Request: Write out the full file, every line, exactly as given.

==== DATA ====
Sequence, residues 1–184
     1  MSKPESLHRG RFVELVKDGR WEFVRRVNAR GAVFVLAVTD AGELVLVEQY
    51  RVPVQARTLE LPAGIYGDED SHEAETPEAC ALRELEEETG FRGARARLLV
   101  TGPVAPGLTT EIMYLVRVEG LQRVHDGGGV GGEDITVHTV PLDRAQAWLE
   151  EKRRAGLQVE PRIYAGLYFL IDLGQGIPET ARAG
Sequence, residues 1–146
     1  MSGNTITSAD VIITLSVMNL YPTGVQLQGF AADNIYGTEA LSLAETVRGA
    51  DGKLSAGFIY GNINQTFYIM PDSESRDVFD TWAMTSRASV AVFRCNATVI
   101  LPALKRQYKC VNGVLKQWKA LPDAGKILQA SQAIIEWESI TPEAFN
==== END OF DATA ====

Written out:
Sequence, residues 1–184
     1  MSKPESLHRG RFVELVKDGR WEFVRRVNAR GAVFVLAVTD AGELVLVEQY
    51  RVPVQARTLE LPAGIYGDED SHEAETPEAC ALRELEEETG FRGARARLLV
   101  TGPVAPGLTT EIMYLVRVEG LQRVHDGGGV GGEDITVHTV PLDRAQAWLE
   151  EKRRAGLQVE PRIYAGLYFL IDLGQGIPET ARAG
Sequence, residues 1–146
     1  MSGNTITSAD VIITLSVMNL YPTGVQLQGF AADNIYGTEA LSLAETVRGA
    51  DGKLSAGFIY GNINQTFYIM PDSESRDVFD TWAMTSRASV AVFRCNATVI
   101  LPALKRQYKC VNGVLKQWKA LPDAGKILQA SQAIIEWESI TPEAFN